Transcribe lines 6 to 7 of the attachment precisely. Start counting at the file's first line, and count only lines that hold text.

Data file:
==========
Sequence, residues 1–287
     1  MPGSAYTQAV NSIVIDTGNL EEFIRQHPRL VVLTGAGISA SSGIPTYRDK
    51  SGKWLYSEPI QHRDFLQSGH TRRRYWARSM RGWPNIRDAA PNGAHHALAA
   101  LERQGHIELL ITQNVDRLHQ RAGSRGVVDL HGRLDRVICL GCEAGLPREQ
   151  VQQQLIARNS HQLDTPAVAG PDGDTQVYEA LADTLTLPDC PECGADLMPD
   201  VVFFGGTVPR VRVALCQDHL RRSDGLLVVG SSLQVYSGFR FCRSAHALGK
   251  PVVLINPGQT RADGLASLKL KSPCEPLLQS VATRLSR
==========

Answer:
   201  VVFFGGTVPR VRVALCQDHL RRSDGLLVVG SSLQVYSGFR FCRSAHALGK
   251  PVVLINPGQT RADGLASLKL KSPCEPLLQS VATRLSR